In this guide, you will find 7 practical tips for optimizing your online store’s conversion using the CRO method.
What is Customer-Centric Online Store Conversion Optimization?
Conversion optimization (CRO) is a practical approach to increase the percentage of users who complete a targeted action on a site. Targeted actions can be: buying a product, subscribing to a service, clicking a link, etc. The disadvantage of this definition is that it focuses on the numbers and distracts from the users behind those metrics.
Customer-centric conversion optimization means that you focus on what stimulates, stops, and motivates customers. You take care of the user experience and the value to the user, and through this, you increase the conversion rate. So, there are a number of factors that precede a conversion:
● Incentives that bring users to the site;
● Obstacles that stop or make them go away;
● Motives that motivate them to perform targeted actions.
Working on improving conversions by web testing services, it is worth bearing in mind that not all problems can be expressed in numbers or supported by figures, and there is not always an unambiguous solution. Sometimes, an obvious error is the cause of 80% of failures, and fixing the problem can save the business.
But it also happens that the site, in the opinion of the business, solves all the problems, but sales are negligible. And that’s where you need to dig deeper to understand what’s wrong and focus on users. This is what CRO really should be focused on.
What should be the Average Conversion Rate of an Online Sore?
Depending on sources, the conversion rate for e-commerce ranges from 1% to 4%. Here, for example, according to data from the ADI 2020 report, the average online store conversion rate is 3%. But when focusing on the average CR, there are a number of factors you should consider:
● CR can depend on different targeted actions (ad clicks, checkout completion, newsletter signups, etc.);
● Each site, page, product, and consumer are unique and has its own characteristics;
● The average CR rate will vary greatly from niche to niche. For example, for a hypermarket, a 1.1% ratio is very good, but for food delivery, a 15% ratio is extremely low;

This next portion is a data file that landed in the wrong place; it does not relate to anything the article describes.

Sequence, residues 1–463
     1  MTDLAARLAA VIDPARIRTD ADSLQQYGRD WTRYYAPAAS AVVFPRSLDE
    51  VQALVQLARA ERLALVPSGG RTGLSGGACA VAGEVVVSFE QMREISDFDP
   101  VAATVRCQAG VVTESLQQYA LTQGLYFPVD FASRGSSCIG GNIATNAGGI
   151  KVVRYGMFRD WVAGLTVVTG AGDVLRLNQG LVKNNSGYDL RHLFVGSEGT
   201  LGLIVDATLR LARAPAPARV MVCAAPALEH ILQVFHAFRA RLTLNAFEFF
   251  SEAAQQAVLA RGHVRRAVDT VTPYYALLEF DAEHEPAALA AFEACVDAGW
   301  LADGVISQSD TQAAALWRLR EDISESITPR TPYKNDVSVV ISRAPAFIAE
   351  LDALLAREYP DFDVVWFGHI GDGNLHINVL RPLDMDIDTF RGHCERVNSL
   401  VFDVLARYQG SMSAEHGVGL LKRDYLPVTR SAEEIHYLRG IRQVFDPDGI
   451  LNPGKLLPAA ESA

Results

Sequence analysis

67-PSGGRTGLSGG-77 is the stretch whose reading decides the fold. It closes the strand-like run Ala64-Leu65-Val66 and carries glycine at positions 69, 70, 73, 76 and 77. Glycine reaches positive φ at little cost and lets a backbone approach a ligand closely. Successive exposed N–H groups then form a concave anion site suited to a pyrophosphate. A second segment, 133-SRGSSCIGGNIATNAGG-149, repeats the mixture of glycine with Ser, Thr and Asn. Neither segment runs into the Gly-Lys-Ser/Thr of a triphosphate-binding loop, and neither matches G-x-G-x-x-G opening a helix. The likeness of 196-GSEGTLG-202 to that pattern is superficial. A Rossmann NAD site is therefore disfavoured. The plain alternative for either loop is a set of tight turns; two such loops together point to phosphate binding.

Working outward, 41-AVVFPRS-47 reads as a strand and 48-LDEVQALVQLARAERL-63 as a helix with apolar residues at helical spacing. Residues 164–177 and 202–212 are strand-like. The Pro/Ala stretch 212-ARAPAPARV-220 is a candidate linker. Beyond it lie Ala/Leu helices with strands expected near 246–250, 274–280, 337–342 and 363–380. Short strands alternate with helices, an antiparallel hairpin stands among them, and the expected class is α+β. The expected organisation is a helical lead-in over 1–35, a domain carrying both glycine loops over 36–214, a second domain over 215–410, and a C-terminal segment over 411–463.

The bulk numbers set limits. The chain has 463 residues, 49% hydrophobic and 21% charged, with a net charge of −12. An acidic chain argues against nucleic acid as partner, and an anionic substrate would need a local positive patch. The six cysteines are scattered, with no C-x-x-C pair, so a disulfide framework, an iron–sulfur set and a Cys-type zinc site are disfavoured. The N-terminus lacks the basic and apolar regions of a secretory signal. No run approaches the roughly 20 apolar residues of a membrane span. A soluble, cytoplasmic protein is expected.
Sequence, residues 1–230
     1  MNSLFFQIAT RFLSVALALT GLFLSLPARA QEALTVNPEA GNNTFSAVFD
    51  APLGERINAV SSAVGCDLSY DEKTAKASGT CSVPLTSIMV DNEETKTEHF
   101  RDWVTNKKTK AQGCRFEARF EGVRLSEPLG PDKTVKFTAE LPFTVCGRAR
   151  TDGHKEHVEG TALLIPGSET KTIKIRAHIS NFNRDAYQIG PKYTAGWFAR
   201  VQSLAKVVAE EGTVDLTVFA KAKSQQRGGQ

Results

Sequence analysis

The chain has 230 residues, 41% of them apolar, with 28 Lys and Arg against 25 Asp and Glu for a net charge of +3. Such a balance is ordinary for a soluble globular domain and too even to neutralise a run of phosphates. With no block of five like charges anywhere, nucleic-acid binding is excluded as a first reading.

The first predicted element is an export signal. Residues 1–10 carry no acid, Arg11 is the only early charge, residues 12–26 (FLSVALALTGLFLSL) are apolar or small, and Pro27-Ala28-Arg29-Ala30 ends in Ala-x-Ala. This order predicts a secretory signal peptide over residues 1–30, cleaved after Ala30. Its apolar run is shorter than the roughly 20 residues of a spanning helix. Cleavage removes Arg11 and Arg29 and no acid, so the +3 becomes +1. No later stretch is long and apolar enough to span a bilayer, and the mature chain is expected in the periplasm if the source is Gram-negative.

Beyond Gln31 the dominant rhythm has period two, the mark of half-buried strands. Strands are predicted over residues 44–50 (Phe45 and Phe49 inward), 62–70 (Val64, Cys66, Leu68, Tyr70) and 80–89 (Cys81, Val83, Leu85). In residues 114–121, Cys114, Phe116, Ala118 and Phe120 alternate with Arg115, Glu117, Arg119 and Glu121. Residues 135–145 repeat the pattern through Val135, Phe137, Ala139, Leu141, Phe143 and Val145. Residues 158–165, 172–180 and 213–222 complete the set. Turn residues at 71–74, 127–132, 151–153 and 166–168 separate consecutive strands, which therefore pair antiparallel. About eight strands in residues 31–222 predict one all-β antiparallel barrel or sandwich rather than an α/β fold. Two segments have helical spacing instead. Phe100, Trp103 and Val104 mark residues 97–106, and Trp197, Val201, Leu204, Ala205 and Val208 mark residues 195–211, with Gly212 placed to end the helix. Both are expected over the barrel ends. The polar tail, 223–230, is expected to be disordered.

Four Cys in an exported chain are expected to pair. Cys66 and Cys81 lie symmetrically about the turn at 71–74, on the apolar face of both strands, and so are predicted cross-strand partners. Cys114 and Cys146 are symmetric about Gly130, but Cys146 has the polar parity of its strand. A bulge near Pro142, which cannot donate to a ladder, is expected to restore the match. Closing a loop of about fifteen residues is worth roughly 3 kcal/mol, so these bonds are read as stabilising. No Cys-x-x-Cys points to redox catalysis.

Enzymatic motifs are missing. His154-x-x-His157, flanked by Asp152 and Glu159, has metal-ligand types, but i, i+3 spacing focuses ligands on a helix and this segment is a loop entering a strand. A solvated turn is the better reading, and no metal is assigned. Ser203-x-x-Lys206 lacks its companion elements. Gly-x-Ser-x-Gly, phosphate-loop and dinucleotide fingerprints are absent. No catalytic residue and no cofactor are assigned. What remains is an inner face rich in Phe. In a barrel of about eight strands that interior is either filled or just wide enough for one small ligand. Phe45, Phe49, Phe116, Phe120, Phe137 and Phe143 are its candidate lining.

● Most companies do not share actual conversion data, which affects the overall statistics.
7 Practical Tips for Optimizing Online Store Conversion
In reality, an effective methodology is not about changing some element on the page but a well-defined and systematic approach to CRO. It’s based on a simple but correct idea: develop an empathic understanding of your users.
Pay attention to what the market really needs.
Not what you want to offer it.
Not what you think it needs.
Not what your boss wants to market.
Not what your manager says to offer.
But what the market really needs.
The main mistake that everyone makes sooner or later is that while designing the interface, at some point you forget that you are doing it for another person who will interact with the site. Not a robot, but a real person.
A one-time conversion isn’t always a win in the long run. Make sure you continue to communicate with your customers in the same way you would in real life. Just like in a non-online environment, it all depends on how you relate to those around you, and they will relate to you the same way.
Conduct a survey or research. From my own experience, I can tell you that anyone trying to optimize conversion rates is often overconfident and thinks they know exactly what their audience is and objectively evaluate their offering. We rely too much on analytics data, ignoring the people behind the numbers. A productive conversation with users and loyal customers will always be the fastest route to audience insights and, unfortunately, the most often ignored.
We saw the highest peaks in conversions when we emphasized the value of the offer to the user. For example, by emphasizing free delivery, the information about which was written in too small a font. Or highlighting certain product features that were hard to find, etc. The best way to optimize conversions is to learn how to identify what the value of your offer is to the user.
I would recommend starting with a specific area and scaling up from there. Identify the areas where CRO is best initiated. Take into account the general principles of the PIE approach:
● Potential – how much improvement it can give;
● Importance – how important this page is;
● Ease – how easy it is to test and implement changes.
The more you test, the more information you gather about what works and what doesn’t. Keep only the effective options, remove the rest. Repeat this cycle over and over again.